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Joe Henry, Believing in Soul and Much More

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Joe Henry, Believing in Soul and Much More

Joe Henry, Believing in Soul and Much More

Joe Henry, Believing in Soul and Much More

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  • <iframe src="https://www.npr.org/player/embed/14418135/14418134" width="100%" height="290" frameborder="0" scrolling="no" title="NPR embedded audio player">

Singer-songwriter Joe Henry has worked with everybody from soul great Allen Toussaint to jazz giant Ornette Coleman to Madonna (his sister-in-law, who recorded his "Don't Tell Me" on her album Music).

Henry's songwriting has been compared to that of Tom Waits and Bob Dylan. Civilians, his latest album, was released this week.

This interview was first broadcast on Jan. 18, 2006.

Giants of Soul: A New Approach

Giants of Soul: A New Approach

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More Music from 'Soul'

Joe Henry on 'World Cafe'

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Joe Henry is the brother-in-law of another singer: Madonna. Melanie Nissen hide caption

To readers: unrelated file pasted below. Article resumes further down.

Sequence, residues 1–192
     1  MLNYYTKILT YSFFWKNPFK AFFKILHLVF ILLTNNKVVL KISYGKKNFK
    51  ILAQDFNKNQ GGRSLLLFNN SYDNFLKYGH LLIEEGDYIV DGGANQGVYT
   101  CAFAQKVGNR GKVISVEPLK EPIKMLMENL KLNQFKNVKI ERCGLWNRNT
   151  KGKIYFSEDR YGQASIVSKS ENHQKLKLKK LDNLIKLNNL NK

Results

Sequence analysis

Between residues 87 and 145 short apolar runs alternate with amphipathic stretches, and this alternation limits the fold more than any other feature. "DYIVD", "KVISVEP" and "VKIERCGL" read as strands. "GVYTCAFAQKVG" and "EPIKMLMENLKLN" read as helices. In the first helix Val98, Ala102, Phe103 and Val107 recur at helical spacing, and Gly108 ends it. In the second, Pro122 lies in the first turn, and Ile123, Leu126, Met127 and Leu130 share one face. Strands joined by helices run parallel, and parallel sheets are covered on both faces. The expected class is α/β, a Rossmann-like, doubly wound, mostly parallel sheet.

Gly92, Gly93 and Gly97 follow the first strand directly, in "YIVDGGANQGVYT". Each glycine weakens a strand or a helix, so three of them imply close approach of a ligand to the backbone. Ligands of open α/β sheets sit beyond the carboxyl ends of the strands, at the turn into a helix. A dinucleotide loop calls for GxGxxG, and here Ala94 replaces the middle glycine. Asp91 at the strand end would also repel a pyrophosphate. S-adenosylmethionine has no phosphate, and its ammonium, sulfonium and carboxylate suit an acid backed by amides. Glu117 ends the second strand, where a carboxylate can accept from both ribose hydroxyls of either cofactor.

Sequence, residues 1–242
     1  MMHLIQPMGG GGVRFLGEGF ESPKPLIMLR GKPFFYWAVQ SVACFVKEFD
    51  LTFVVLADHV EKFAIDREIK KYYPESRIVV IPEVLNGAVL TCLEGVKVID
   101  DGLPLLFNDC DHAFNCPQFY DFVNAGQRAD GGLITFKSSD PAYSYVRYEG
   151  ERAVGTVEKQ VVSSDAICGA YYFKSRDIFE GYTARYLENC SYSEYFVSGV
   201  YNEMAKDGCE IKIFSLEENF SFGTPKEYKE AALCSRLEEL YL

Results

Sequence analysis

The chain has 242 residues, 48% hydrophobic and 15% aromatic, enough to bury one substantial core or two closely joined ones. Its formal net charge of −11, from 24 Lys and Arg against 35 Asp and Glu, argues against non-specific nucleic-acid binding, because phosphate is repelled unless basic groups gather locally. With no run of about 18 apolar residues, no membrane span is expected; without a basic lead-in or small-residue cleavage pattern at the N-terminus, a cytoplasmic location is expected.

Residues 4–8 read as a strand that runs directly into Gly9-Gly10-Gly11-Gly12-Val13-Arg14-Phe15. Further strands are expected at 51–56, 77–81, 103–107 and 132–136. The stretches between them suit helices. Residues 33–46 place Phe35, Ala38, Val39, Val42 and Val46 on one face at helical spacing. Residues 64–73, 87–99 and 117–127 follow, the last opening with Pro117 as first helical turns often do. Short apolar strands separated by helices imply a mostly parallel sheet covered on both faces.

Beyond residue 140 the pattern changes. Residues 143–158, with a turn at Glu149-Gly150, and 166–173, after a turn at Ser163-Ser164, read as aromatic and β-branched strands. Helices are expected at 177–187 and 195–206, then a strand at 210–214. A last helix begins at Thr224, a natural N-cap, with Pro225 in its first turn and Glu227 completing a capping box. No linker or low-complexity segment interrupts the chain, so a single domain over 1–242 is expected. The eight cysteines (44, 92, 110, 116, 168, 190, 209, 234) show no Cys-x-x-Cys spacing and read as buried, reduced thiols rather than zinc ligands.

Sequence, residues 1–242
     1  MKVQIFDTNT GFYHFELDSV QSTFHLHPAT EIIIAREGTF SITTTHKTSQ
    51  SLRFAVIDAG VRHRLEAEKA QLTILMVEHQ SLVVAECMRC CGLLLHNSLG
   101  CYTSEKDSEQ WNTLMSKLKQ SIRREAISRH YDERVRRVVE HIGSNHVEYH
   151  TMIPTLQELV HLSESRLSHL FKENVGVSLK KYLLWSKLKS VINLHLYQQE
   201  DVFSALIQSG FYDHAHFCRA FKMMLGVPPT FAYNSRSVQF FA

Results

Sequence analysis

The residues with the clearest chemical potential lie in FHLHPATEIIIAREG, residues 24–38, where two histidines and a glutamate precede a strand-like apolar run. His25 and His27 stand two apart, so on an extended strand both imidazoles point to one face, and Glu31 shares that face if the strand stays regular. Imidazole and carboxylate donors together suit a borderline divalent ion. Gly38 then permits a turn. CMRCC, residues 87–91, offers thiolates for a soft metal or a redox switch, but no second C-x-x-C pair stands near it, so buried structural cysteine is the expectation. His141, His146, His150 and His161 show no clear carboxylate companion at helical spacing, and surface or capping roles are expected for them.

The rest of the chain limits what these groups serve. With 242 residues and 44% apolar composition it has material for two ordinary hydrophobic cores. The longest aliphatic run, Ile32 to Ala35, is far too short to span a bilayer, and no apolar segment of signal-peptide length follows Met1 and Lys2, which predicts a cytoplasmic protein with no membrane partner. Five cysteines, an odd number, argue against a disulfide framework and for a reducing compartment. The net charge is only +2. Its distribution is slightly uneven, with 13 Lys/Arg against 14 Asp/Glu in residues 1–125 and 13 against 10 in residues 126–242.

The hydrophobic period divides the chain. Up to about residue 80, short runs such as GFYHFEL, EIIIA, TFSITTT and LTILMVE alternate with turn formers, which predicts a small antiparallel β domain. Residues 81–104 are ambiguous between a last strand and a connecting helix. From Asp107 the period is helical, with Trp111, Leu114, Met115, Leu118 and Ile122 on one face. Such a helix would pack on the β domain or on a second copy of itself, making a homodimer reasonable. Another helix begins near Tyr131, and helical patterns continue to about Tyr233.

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Melanie Nissen

Songs from 'Soul'

Keep on Pushing

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River Boat

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When the Candle Burns Low

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For his latest release, producer and troubadour Joe Henry worked with giants in soul music, from Allen Toussaint to Mavis Staples. It was quite a departure for Henry, whose songs include "Richard Pryor Addresses a Tearful Nation."

I Believe to My Soul is a collection of classic soul and R&B singers doing songs they hadn't done before. It features some of Henry's favorite performers: Irma Thomas, Ann Peebles and Billy Preston, along with Staples and Toussaint.

Recording for the album began in the summer of 2005, long before Hurricane Katrina devastated the Gulf Coast.

In the wake of that disaster, it was decided that the record would benefit survivors of the hurricane — several musicians involved in recording Soul have long-standing ties to New Orleans — especially Toussaint, who has lived there for decades.

Since 1986, Henry has released nine albums, which have fostered a bit of a cult following for his work. His songwriting has been compared to Bob Dylan and Tom Waits. His songs include "Don't Tell Me" — which was recorded by his sister-in-law, Madonna.

On his 2001 album Scar, Henry collaborated with jazz musicians Ornette Coleman and Brad Mehldau. In addition working with Aimee Mann, Henry also produced legendary singer Solomon Burke's Don't Give Up On Me, which won a Grammy in 2002.